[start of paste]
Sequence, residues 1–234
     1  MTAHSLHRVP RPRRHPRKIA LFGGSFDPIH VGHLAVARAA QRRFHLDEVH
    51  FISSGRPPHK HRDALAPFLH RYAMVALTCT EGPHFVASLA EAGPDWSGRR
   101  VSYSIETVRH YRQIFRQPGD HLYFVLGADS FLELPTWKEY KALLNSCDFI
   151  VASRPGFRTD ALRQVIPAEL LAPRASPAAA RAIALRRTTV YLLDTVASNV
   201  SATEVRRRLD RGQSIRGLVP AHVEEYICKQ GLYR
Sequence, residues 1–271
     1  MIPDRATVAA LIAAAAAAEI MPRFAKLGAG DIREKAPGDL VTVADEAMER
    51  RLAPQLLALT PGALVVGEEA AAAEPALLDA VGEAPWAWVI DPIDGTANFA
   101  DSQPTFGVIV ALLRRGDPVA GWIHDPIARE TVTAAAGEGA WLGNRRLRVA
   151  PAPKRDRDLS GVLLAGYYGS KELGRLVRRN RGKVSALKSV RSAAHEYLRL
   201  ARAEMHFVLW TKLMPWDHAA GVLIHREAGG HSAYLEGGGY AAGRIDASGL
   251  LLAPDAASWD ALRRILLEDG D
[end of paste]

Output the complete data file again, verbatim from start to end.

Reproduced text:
Sequence, residues 1–234
     1  MTAHSLHRVP RPRRHPRKIA LFGGSFDPIH VGHLAVARAA QRRFHLDEVH
    51  FISSGRPPHK HRDALAPFLH RYAMVALTCT EGPHFVASLA EAGPDWSGRR
   101  VSYSIETVRH YRQIFRQPGD HLYFVLGADS FLELPTWKEY KALLNSCDFI
   151  VASRPGFRTD ALRQVIPAEL LAPRASPAAA RAIALRRTTV YLLDTVASNV
   201  SATEVRRRLD RGQSIRGLVP AHVEEYICKQ GLYR
Sequence, residues 1–271
     1  MIPDRATVAA LIAAAAAAEI MPRFAKLGAG DIREKAPGDL VTVADEAMER
    51  RLAPQLLALT PGALVVGEEA AAAEPALLDA VGEAPWAWVI DPIDGTANFA
   101  DSQPTFGVIV ALLRRGDPVA GWIHDPIARE TVTAAAGEGA WLGNRRLRVA
   151  PAPKRDRDLS GVLLAGYYGS KELGRLVRRN RGKVSALKSV RSAAHEYLRL
   201  ARAEMHFVLW TKLMPWDHAA GVLIHREAGG HSAYLEGGGY AAGRIDASGL
   251  LLAPDAASWD ALRRILLEDG D